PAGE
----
Pamela Anderson Says Today’s Feminism Is A Total ‘Bore’

Pamela Anderson Says Today’s Feminism Is A Total ‘Bore’

If Anderson, who made her living touting her sexuality and capitalizing on everything feminism initially promised, thinks this way, feminism really is on a downward spiral.
Nicole Russell
By

Pamela Anderson should be a feminist’s dream: The model epitomized sexual license as Playboy’s Playmate of the Month in 1990, and later established herself as an actress on the beach show “Baywatch.” To hear her tell it, though, she’s not a real fan of the latest wave of feminist thinking.

In a recent interview with “60 Minutes Australia,” the Canadian-born actress and model wasn’t shy in voicing her opinions about the porn industry, how feminism has gone too far, and the way it seems to interfere with women using their common sense. If Anderson, who made her living touting her sexuality and capitalizing on everything feminism initially promised, thinks feminism is a “bore,” the movement really is on a downward spiral.

In her interview, Anderson divulges thoughts about feminism, sex, common sense, and political correctness.

When asked about her Playboy career, Anderson said, “It was very empowering. No one forced me to do anything.” Without being prompted, she added. “Feminism can go too far. I’m a feminist, but I think that this third wave of feminism is a bore. I think it paralyzes men.”

Anderson continues: “I’m sorry. I’ll probably get killed for saying that.”

Anderson then begins to talk about the MeToo movement, which dominated American politics this last year. She explains that women should listen to their intuition and tap their common sense when in potentially compromising positions.

“If someone answered the door in a bathrobe and it’s supposed to be a business meeting, maybe I should go with somebody else,” she said, referring to allegations that Harvey Weinstein preyed upon women looking to get a leg up in Hollywood. “Or, if you go in, get the job,” Anderson said laughing.

Anderson’s straightforward analysis and criticism of a movement women are supposed to support is refreshing and necessary. She isn’t alone in voicing these concerns, either. Other notable men and women have also seen through the public persona of feminism and have publicly articulated its prominent drawbacks.

Back in January, The New York Times reported French actress Catherine Deneuve “lent her name to a public letter denouncing the [Me Too] movement, as well as its French counterpart, #Balancetonporc, or ‘Expose Your Pig.’” More than 100 other French women in entertainment, publishing, and academic fields signed the letter arguing women have gone too far, particularly by publicly exposing and trying to prosecute private experiences.

“Rape is a crime. But insistent or clumsy flirting is not a crime, nor is gallantry a chauvinist aggression,” the letter stated. “As a result of the Weinstein affair, there has been a legitimate realization of the sexual violence women experience, particularly in the workplace, where some men abuse their power.”

On this side of the Atlantic, Camille Paglia, originally a voice in favor of feminism that allowed women equal rights under the law, also says now that today’s feminism is doing more harm than good. The famous art critic and professor articulated this just before the Me Too movement began. Recently a video of Paglia’s discussion at the Battle of Ideas festival in London in October 2016 became available on YouTube. It coincided with the launch of Paglia’s book, “Provocations: Collected Essays.”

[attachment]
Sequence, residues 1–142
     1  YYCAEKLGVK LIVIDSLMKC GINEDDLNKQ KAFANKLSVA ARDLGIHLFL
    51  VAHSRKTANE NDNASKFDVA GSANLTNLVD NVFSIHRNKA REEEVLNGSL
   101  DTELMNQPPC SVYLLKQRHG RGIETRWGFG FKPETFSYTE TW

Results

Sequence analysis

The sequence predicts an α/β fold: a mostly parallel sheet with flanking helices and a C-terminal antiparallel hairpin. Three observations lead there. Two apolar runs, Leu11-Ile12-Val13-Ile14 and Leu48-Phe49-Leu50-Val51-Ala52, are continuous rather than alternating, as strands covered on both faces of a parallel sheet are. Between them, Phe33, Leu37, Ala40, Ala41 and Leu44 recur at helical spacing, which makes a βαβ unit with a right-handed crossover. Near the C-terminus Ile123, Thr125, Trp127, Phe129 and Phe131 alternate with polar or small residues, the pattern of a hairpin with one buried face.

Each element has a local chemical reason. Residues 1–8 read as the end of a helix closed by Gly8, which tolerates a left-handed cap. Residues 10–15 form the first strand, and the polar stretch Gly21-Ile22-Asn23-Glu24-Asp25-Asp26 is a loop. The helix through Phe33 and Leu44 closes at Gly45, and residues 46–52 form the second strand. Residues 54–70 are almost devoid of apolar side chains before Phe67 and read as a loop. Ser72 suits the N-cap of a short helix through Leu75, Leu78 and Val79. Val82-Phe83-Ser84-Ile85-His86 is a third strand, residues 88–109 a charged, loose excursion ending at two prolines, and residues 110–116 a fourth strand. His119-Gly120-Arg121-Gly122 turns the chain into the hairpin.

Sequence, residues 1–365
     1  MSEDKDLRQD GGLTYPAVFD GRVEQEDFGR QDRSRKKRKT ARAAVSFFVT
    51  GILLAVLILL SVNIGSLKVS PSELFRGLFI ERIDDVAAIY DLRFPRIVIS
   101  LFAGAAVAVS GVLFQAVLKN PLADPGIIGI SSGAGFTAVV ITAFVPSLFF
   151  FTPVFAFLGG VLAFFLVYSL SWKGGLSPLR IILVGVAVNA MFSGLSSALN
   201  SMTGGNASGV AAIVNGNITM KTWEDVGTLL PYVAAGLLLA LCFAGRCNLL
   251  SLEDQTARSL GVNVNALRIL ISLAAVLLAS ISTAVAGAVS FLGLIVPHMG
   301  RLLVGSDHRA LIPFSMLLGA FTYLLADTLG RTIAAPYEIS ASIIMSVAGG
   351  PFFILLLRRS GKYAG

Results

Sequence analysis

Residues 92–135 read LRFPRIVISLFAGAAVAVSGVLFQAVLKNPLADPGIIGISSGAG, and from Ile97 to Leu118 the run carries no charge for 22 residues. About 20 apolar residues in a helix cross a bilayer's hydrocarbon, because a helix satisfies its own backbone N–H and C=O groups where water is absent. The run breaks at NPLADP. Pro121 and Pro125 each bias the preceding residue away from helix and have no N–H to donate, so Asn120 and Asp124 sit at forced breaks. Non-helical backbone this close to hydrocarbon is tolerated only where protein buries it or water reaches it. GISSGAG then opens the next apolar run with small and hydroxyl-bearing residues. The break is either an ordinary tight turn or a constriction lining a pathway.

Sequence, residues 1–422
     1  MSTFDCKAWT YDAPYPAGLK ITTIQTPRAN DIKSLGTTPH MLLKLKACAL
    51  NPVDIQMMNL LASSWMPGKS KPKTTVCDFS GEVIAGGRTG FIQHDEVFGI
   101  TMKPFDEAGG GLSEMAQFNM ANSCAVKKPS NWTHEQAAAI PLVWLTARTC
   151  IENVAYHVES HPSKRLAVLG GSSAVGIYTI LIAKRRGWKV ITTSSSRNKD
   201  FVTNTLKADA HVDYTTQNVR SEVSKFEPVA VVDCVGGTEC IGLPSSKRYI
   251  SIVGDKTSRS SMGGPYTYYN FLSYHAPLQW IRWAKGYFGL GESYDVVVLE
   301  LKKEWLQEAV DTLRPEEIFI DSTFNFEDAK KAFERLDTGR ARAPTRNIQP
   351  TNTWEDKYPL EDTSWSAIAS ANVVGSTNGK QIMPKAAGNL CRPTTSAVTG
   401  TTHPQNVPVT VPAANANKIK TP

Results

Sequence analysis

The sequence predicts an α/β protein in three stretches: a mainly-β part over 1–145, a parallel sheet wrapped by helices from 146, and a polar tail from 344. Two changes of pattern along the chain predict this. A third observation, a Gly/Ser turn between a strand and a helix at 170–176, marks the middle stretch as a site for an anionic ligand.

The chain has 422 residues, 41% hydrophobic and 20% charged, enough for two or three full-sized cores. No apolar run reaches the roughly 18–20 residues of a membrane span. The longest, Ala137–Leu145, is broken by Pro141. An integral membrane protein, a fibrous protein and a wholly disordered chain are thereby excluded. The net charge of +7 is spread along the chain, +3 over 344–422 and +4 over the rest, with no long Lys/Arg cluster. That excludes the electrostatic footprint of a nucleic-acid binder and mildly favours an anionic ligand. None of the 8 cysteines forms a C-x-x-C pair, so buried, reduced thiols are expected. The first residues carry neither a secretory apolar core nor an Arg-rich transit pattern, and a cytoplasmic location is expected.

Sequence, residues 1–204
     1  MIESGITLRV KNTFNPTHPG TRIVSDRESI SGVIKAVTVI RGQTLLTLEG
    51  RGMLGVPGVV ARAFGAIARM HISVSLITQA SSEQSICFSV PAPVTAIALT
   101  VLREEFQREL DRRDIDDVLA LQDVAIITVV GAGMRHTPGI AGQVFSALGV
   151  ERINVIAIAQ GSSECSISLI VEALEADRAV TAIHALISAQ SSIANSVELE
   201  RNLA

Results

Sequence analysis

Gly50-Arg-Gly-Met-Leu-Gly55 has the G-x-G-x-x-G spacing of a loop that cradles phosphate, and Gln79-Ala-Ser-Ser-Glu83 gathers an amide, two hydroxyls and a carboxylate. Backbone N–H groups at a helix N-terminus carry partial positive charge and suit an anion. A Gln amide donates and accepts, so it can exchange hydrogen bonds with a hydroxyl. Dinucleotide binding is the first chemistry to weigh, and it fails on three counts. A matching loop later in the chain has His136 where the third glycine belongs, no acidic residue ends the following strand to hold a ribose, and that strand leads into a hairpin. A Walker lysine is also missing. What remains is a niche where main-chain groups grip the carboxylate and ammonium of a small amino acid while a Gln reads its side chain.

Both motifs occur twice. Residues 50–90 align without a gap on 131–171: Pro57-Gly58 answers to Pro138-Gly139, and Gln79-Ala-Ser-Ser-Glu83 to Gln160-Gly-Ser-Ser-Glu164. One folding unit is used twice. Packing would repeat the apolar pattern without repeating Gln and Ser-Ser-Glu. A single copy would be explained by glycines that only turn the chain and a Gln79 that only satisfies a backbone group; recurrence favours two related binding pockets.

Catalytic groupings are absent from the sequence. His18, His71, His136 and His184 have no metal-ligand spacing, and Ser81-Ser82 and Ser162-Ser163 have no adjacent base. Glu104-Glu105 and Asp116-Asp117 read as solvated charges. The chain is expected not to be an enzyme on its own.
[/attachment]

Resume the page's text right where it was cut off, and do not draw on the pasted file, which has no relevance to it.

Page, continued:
In the video, Paglia says feminism is now “an absolute poison that has spread worldwide.” Paglia said the original feminists “admired what men had done. There was no male-bashing, as became systemic to second-wave feminism.” She said feminism is now based on “denigrating men” and “defining men as oppressors and tyrants through history.” “It is an absolute lie,” she said, “an extrapolation of neuroticism on the part of these fanatics.”

Paglia, Deneuve, and Anderson are identifying the weaknesses in the wave of women who have made all men the enemy under the banner of feminism. The result is an authoritarian feminism bent on vilifying men just for being born men. There are other consequences, of course, but this one is significant: In the end, both sexes lose.

Over the summer, in an interview with British actor Henry Cavill, GQ Australia demonstrated this quite clearly. The interviewer asked Cavill about dating, and Cavill said he prefers to pursue women the old-fashioned way.

“It’s very difficult to do that if there are certain rules in place,” he said. “Because then it’s like: ‘Well, I don’t want to go up and talk to her, because I’m going to be called a rapist or something’. So you’re like, ‘Forget it, I’m going to call an ex-girlfriend instead, and then just go back to a relationship, which never really worked.’”

For this, Cavill received incredible backlash and was accused of misunderstanding the Me Too movement. Cavill apologized under the pressure. But was he wrong? Of course not. He pointed out just how far modern feminism, as epitomized in Me Too, has gone. So now men can’t pursue women, for fear of being labeled something awful.

Anderson’s observations that now feminism has become a “bore” could not be more spot on. Worse than being a “bore,” it’s now flipping the natural dynamics between men and women such that more people of both sexes feel trapped and lonely. So much for sexual freedom.

Nicole Russell is a senior contributor to The Federalist. She lives in northern Virginia with her four kids. Follow her on Twitter @russell_nm.

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